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I also found a picture of my great grandma on the other side of the family who was Yeopim and who was forced into becoming a Quaker.  So both sides had this culture, and of course the Celtic side has a lot of herbalists in it too, so combined into me, it would explain a lot about why I could see ailments and lay hands on someone and feel where the initial injury was and then know how to repair it.  It gave me quite a lot of comfort.  I could use my abilities for more than knowing when the phone would ring.

The next medicine person had been one of my students.  I had a dream that she was my next teacher.  She looks white as most of us are all mixed up now genetically and I had no idea that she was a shaman or the things she had gone through to get to that point.  I didn’t know what she was to teach me either.  She taught me how to shield myself.  I really wanted to learn more cool stuff regarding healing but she was there to teach me how to create shields.  Many healers take a physical turn for the worst later in life after absorbing so much around them.  Healers, including myself, pick up emotions and physical feelings from everyone around them.  After years of this, the body can succumb.  It could very well be the reason my grandmother has had chronic pain for twenty years.  Protecting myself was my next lesson.  She showed me how to walk a medicine wheel praying in each direction and being humble to the Creator.  How to layer on shields around my physical self and how to turn off sound.  I can make someone’s voice muffled if I don’t want to hear everything they are saying.  I love listening to people.  I like comforting folks.  I am happy that people feel they can come to me and talk to me about anything, even if they hardly know me.  That is one of my gifts.  People feel compelled to tell me things and that is healing to them.  But it is the ones who complain non-stop that I have to shield myself from or I end up anxious and sometimes depressed.   It was a great gift to learn how to shield.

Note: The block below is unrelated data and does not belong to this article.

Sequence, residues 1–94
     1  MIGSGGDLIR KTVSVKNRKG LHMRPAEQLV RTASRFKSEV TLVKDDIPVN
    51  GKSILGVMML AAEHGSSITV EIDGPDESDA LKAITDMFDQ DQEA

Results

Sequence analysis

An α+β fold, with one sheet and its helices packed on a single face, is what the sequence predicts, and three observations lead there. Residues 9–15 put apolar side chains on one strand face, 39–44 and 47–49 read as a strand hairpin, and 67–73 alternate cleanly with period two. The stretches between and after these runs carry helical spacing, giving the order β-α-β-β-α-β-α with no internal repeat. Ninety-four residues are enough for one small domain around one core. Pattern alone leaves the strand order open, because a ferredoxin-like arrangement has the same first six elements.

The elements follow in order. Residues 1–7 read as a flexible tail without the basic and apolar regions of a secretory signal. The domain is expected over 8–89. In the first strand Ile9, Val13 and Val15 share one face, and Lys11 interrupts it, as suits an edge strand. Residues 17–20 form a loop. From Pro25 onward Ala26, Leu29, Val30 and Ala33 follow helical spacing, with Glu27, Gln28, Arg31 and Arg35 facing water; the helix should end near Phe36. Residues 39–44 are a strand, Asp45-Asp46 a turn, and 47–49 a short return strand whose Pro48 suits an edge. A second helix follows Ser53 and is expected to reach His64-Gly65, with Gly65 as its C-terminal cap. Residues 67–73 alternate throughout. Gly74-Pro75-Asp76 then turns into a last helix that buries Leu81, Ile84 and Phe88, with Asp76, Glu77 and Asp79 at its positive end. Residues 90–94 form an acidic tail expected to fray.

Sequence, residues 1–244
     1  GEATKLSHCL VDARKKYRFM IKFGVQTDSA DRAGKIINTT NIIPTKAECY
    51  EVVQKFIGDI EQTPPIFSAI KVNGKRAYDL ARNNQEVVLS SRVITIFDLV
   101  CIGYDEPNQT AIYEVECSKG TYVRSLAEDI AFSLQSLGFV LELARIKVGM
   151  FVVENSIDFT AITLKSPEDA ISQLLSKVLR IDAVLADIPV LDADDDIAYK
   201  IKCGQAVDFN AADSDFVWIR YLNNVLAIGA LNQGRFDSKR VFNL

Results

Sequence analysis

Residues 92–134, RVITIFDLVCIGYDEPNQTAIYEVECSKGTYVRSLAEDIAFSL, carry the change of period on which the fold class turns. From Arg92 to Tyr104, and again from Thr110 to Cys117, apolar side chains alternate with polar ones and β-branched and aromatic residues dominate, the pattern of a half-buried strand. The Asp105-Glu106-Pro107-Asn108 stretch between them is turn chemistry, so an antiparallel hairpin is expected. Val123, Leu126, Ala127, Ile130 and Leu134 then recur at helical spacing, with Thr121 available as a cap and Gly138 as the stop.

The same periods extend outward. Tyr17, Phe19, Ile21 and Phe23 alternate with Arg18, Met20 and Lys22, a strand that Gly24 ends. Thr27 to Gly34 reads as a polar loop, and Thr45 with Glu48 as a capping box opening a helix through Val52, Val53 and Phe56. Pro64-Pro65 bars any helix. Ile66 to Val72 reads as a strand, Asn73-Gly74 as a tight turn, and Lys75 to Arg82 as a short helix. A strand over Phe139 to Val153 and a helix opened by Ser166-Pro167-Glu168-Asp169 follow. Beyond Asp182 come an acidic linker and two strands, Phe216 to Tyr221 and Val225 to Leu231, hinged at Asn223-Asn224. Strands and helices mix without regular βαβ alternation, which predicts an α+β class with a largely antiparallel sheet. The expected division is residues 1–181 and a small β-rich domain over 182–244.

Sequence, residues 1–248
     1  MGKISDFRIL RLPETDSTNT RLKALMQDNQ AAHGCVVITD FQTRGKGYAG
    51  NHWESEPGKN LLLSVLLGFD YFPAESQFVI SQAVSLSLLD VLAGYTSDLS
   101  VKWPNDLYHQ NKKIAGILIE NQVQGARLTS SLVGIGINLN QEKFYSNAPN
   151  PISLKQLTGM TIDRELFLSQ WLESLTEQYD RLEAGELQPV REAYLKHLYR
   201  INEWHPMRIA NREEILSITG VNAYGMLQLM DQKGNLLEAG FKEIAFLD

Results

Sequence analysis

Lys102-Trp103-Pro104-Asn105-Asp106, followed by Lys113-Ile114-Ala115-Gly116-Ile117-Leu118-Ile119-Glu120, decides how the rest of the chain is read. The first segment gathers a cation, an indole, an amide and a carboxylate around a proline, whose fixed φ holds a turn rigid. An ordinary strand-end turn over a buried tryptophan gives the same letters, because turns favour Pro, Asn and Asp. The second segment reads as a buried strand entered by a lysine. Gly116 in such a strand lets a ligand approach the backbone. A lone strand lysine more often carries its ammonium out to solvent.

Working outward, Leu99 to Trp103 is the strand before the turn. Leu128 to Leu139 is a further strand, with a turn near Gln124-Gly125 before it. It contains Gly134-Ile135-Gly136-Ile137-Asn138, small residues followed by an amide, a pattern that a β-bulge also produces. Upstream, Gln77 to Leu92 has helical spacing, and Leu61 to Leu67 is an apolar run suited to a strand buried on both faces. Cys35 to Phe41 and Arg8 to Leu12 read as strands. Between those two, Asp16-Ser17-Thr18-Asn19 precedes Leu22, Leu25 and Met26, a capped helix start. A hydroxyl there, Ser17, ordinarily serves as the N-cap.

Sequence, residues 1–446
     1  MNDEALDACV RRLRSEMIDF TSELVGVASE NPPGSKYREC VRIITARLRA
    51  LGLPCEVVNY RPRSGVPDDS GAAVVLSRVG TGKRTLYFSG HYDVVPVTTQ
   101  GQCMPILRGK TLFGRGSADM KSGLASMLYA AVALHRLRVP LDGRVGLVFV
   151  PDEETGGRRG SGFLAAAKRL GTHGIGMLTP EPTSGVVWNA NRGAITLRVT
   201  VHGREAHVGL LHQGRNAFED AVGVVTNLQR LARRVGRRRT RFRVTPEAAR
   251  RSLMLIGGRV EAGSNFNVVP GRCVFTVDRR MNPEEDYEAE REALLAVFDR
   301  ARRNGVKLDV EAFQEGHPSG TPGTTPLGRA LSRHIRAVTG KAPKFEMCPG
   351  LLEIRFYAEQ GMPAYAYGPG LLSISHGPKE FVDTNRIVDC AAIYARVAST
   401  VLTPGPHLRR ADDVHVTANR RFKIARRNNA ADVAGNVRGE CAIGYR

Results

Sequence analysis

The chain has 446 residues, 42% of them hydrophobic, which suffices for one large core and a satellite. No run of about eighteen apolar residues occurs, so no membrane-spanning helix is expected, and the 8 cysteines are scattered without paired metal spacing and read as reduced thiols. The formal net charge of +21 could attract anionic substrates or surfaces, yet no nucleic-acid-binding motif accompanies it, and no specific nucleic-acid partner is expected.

The next medicine person is still in my life and is a reader, a Catholic priest, and a hospice chaplain.  He is Hopi.  A calm spirit surrounds him.  He helped me when my friend died so suddenly.  He helped me understand the hypersensitivity that surrounds being a healer.  I cannot be under fluorescent lights very long.  I do not use overhead lighting at all.  Only oil lamps, candles, and twinkly lights.  I love soft music but can’t be around loud noises, and the television drives me crazy.  I simply cannot handle the lights and sounds from it.  Large groups of people overwhelm me.